Boredom is important

Every adult remembers, among many other things, the great ennui of childhood, and every child’s life is punctuated by spells of boredom: that state of suspended anticipation in which things are started and nothing begins, the mood of diffuse restlessness which contains that most absurd and paradoxical wish, the wish for a desire.

Boredom is actually a precarious process in which the child is, as it were, both waiting for something and looking for something, in which hope is being secretly negotiated; and in this sense boredom is akin to free-floating attention. In the muffled, sometimes irritable confusion of boredom the child is reaching to a recurrent sense of emptiness out of which his real desire can crystallize… The capacity to be bored can be a developmental achievement for the child.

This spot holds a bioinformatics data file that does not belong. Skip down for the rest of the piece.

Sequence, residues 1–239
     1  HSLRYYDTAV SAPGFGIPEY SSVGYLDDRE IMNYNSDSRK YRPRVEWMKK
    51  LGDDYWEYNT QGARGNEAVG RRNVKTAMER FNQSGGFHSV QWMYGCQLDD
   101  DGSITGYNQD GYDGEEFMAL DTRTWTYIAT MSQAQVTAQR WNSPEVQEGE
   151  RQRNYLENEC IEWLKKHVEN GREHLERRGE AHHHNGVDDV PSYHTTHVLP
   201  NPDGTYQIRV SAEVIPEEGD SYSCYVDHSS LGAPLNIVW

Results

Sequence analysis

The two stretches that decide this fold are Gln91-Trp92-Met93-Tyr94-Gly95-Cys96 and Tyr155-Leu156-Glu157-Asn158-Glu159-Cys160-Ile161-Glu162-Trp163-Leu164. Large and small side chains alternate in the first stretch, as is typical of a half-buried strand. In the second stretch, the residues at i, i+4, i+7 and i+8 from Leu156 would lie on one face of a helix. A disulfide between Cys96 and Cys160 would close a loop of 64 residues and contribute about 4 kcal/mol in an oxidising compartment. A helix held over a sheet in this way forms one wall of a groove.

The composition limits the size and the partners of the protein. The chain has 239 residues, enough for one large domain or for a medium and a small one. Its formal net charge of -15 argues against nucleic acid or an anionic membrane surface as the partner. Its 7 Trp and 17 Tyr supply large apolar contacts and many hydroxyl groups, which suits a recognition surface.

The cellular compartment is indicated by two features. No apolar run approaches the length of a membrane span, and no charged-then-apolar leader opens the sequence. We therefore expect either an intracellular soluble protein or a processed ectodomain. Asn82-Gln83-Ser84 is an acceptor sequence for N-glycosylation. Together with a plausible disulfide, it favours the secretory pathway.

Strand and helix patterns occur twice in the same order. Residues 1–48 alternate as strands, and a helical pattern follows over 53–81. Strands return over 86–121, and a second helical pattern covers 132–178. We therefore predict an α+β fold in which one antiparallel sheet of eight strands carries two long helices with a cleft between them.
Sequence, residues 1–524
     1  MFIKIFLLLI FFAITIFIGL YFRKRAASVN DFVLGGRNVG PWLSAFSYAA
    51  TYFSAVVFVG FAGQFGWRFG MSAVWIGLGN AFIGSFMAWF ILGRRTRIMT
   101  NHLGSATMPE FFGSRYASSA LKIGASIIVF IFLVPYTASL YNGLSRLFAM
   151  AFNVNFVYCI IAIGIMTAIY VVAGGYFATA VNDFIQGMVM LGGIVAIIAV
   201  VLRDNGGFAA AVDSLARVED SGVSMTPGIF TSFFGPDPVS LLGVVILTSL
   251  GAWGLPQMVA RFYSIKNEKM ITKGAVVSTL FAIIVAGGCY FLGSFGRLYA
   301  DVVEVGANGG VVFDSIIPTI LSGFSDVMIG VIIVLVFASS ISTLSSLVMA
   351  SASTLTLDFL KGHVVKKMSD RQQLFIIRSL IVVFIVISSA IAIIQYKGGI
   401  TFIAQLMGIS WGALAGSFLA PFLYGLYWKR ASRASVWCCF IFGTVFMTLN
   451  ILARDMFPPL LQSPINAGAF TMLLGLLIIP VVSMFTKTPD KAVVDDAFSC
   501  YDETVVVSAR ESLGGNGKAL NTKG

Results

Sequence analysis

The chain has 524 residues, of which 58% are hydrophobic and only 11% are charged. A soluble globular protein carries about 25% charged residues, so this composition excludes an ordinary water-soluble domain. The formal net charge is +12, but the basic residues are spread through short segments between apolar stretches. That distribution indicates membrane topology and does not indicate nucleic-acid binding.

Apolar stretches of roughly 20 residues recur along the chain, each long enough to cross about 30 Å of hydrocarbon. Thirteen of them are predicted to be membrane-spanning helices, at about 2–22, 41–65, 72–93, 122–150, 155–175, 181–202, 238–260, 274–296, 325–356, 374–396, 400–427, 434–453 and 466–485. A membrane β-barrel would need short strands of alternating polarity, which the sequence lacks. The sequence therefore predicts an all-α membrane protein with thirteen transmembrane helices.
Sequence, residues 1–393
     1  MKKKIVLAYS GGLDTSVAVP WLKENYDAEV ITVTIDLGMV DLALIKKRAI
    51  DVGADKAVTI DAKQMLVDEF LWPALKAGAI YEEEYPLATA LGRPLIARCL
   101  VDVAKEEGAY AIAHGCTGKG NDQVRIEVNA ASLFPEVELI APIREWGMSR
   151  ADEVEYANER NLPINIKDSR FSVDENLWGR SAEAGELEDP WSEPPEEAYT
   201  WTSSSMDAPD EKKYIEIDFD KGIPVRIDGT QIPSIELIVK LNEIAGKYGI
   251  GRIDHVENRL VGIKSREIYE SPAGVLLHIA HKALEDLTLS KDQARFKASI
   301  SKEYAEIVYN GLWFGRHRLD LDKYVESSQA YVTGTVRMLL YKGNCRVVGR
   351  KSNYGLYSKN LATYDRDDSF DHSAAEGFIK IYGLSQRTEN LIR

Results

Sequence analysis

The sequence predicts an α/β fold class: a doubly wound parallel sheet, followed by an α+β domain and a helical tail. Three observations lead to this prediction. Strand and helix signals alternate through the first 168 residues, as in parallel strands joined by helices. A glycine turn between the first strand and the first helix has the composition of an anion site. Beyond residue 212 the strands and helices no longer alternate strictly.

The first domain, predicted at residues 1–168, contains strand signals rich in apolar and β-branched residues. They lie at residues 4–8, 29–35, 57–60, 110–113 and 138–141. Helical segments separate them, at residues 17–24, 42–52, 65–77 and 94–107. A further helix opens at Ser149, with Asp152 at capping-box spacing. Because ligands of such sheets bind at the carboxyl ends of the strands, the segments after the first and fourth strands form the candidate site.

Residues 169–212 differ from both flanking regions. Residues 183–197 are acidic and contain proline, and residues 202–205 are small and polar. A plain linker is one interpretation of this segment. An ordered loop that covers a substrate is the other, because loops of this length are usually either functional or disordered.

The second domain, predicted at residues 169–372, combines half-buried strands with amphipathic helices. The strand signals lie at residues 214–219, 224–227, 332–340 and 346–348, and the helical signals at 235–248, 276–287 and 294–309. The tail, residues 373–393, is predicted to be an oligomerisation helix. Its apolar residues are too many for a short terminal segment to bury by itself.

Adam Philips

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